The standards have widespread support among the public and educators. The Regents raised standards in response to public demand. The very idea of standards is at the heart of Regents work from the very beginning. The problem is that the standards have too often been for some students, while others received a lower quality education. The pivotal event of the last decade has been to assert higher standards for all students and to link standards to a set of exams to measure their attainment.

The tests measure achievement of the standards. By publishing those results, the gaps in student achievement became obvious to all. Schools and whole communities responded by improving the quality of curriculum, instruction, and took other actions to improve opportunity for children. This is a very good result. We could always go back to where we were Ė to a rhetorical appreciation for high standards, but something much lower in practice. But that is not the direction demanded by the public or common sense.

The Regents exams themselves have existed since 1865. They have been a pathway to higher learning and a better life for generations of New York children. We are going to keep this system. And we are going to improve it relentlessly.

Some people oppose these exams. I respect their views but do not share them. We have heard and considered their views on many occasions. For example, we have given serious attention to proposals to adopt their portfolio proposal. Unfortunately, those proposals did not meet Regents criteria, which reflect the Joint Standards. We have however approved 18 alternatives to the Regents exams that can be used by any school. We have debated their proposal with some elected leaders who spoke on their behalf several times. We have listened to teachers and parents during Regents regional meetings. We have responded in court and the court found that our decision was fair. The disagreements will no doubt continue. The Regents, however, have made a reasonable policy decision on testing after concluding that it is a powerful lever to improve student achievement. Here we stand.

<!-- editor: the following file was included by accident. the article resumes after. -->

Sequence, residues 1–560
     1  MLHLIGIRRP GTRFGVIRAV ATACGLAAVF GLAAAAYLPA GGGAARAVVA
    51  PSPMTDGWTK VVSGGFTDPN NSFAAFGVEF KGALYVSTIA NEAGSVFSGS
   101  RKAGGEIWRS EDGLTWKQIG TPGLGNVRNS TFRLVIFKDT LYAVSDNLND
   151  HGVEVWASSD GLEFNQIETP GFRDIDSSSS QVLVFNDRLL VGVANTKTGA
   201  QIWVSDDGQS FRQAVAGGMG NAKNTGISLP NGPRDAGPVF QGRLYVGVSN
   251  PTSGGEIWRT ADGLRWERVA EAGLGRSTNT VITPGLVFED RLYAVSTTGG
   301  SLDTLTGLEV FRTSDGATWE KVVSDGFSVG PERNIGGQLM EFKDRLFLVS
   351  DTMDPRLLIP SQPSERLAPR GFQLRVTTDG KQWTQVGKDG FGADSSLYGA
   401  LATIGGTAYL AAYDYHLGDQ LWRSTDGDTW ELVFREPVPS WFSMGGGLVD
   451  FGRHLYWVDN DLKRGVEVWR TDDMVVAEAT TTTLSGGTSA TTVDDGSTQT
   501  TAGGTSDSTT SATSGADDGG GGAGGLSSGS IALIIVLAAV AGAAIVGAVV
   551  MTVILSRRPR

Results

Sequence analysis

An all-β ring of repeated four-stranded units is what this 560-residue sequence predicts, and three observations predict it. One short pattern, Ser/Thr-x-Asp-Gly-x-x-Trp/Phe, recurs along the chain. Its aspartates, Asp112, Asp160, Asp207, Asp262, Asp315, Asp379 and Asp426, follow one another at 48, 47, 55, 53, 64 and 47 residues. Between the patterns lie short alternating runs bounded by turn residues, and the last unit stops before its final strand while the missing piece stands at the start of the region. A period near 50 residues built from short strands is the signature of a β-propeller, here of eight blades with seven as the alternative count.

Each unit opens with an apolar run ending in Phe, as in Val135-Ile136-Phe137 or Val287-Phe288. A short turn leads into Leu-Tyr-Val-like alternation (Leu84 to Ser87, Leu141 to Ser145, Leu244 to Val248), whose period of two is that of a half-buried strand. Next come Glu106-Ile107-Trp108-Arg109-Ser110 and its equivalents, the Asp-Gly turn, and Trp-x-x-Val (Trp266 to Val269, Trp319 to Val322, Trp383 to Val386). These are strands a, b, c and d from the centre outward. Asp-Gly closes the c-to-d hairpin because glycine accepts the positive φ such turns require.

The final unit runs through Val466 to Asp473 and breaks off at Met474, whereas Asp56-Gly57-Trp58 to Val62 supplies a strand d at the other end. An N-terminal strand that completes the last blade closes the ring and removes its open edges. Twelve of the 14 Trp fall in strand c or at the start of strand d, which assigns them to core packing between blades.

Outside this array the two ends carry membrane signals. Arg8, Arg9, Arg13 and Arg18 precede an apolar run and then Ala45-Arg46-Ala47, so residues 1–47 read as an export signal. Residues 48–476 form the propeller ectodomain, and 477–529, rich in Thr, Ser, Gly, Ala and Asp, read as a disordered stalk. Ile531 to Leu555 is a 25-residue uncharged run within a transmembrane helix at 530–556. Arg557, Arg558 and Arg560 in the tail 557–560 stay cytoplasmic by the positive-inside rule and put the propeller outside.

Teacher of the Year: A Way to Signal High Standards

Last month the Regents adopted a series of policy changes to increase the pool of teacher candidates who met Regents standards. They acted in response to data they considered in December on the shortage of teachers.

We have begun follow through already with discussions with Chancellor Levy in preparation for further discussion with higher education leaders.

This month, we recognize the 2003 Teacher of the Year. This is another way to signal the standard, and in fact it is the personal standard Ė the excellent teacher Ė who is probably the greatest motivator for others to consider teaching as a career. When I meet the Teacher of the Year and the other teachers nominated for this award, I will urge them to join us in recruiting future teachers.

Deputy Commissioners Kadamus and Duncan-Poitier are planning a series of "Calls to Teaching" in cities this fall in concert with the District Superintendents. This will involve elementary and secondary school leaders, teachers, higher education leaders, parents, and above all, prospective teachers.

Roosevelt Since the New Legislation

Superintendent Horace Williams and Board Chair Edward McCormick will talk with the Regents on June 18 for a first-hand view of what has been accomplished. We have jointly developed a performance agreement that specifies expected results on these objectives: ensure safety, improve academic performance, improve the learning environment, improve instruction, evaluate performance, guarantee financial integrity, improve facilities, and provide leadership.

The new legislation requires three plans this summer: five-year financial plan, an educational plan, and a facilities plan. The Superintendent has begun work on all three and State Education Department staff is helping. The law requires an opportunity for the public to be heard on these plans and my approval.

Commissionerís Annual Evaluation

The Regents will evaluate my performance over the last year during the June meeting. I have a performance agreement, as do all managers in the State Education Department. The basis for the review will be the eight critical needs identified by the Regents as priorities and selected performance measures from our Strategic Plan.

An Annual Report for USNY